Tim Compeau teaches history at Western University and Huron University College in London, Ontario, Canada. He is also a post-doctoral researcher in digital history at Brock University in St. Catharines, Ontario. You can follow him on Twitter @TimCompeau and visit his website www.timcompeau.com.
Title Image: “The Bostonian’s paying the excise-man, or tarring & feathering.” London: 1774.
 Joseph Galloway, A Candid Examination of the Mutual Claims of Great-Britain, and the colonies… (New York: Rivington, 1775), 1.
 Bertram Wyatt-Brown, The Shaping of Southern Culture: Honor, Grace, and War, 1760s-1890s (Chapel Hill: University of North Carolina Press, 2001), 32.
 Joanne B. Freeman, Affairs of Honor: National Politics in the New Republic (New Haven: Yale University Press, 2001), xxi. For an in-depth discussion on duelling in the early republic, see Chapter 4, “Duelling as Politics,” 159-198.
 Frank Henderson Stewart, Honor (Chicago: University of Chicago Press, 1994).
 Alexander Hamilton, A Full Vindication of the Measures of Congress from the Calumnies of their Enemies in Answer to A Letter Under the Signature A.W. Farmer (New-York: James Rivington, 1774),3, 6, 22.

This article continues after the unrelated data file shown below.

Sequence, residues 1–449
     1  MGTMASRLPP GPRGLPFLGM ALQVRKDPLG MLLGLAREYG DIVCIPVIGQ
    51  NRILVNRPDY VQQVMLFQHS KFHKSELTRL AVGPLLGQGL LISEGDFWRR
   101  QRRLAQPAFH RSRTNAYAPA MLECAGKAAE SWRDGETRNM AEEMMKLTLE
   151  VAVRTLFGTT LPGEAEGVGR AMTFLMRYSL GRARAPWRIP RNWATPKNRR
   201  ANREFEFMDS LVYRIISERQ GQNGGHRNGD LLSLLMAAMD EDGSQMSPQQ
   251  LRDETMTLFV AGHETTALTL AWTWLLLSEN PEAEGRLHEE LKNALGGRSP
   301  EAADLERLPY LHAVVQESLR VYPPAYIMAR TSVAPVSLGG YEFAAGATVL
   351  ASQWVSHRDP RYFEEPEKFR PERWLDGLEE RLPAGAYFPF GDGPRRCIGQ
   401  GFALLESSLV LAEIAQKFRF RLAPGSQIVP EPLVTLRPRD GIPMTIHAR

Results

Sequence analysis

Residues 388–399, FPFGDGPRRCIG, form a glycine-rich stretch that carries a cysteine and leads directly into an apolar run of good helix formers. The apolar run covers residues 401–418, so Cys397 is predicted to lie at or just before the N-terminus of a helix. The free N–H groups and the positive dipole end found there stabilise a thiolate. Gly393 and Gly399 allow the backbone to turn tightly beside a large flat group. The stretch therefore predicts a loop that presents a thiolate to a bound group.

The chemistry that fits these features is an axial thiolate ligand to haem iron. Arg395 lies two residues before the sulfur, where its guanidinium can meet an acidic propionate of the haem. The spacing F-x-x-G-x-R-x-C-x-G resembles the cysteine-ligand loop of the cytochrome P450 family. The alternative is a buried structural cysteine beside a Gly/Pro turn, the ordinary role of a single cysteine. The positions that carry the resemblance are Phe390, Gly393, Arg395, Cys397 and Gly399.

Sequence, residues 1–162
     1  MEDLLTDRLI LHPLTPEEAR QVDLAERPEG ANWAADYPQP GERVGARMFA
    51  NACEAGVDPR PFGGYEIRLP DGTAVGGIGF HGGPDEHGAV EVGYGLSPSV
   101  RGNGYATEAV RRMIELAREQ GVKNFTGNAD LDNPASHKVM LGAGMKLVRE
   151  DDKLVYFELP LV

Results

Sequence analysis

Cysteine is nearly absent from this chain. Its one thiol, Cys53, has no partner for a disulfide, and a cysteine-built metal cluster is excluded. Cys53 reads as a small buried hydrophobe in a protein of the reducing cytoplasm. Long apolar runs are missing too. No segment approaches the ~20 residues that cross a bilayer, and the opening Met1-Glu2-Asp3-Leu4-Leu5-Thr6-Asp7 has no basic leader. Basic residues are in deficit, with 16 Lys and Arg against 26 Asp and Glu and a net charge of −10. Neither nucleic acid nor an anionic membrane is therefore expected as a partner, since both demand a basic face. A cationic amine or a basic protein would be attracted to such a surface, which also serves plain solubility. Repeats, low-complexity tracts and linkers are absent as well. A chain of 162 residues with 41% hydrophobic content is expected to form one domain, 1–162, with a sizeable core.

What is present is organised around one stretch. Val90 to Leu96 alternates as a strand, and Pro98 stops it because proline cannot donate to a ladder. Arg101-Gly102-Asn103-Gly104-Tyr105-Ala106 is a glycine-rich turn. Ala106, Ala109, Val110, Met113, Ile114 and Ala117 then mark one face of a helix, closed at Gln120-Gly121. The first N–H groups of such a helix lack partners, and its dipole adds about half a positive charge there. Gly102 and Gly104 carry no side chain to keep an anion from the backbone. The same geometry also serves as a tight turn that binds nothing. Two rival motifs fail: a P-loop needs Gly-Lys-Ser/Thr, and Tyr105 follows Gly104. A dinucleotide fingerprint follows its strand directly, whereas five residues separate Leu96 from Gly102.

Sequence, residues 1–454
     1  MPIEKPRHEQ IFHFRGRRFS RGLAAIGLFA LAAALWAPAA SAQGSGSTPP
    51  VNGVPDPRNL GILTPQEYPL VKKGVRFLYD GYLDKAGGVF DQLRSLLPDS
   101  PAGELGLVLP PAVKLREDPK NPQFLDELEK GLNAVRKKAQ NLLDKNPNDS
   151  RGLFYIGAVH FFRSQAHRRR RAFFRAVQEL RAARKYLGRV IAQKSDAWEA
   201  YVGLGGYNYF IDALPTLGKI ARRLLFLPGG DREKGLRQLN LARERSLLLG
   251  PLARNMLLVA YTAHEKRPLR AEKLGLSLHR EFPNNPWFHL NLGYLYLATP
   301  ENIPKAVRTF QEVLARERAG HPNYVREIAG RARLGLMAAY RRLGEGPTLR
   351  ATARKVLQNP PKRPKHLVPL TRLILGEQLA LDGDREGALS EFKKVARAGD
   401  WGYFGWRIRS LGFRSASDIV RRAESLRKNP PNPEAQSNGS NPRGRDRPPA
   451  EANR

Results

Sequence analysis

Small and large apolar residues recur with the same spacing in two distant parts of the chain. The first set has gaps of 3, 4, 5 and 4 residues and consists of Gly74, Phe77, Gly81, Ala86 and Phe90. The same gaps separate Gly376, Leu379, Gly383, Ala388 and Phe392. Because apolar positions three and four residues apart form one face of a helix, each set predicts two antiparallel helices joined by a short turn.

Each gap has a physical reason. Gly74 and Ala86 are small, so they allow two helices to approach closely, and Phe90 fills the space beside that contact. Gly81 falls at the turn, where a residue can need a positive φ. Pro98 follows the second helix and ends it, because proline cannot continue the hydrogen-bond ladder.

Thomas Paine, Common Sense (Philadelphia: Robert Bell, 1776), 40, 66.
 Connecticut Courant, July 28 1778.
 David Ramsay, The History of the American Revolution Vol. 2 (Philadelphia: R. Aitken & Son, 1789), 240.
 Lawrence Labree, Rebels and Tories; Or, The Blood of the Mohawks! A Tale of the American Revolution (New York: Dewitt & Davenport, 1851),32. Harold Frederic, In the Valley (New York: Charles Scribner’s Sons, 1890) 328.
For my full study of honor and loyalism in the American Revolution see: Timothy J. Compeau, “Dishonoured Americans: Loyalist Manhood and Political Death in Revolutionary America” (2015). Electronic Thesis and Dissertation Repository. Paper 2712.
Some excellent work on the loyalists in the American Revolution has been published in recent years, including:
Maya Jasanoff, Liberty’s Exiles: American Loyalists in the Revolutionary World. New York: Alfred A. Knopf, 2011.
Ruma Chopra, Unnatural Rebellion: Loyalists in New York during the Revolution. Charlottesville, VA: University of Virginia Press, 2011.
Jerry Bannister and Liam Riordan eds. The Loyal Atlantic: Remaking the British Atlantic in the Revolutionary Era. Toronto: University of Toronto Press, 2012.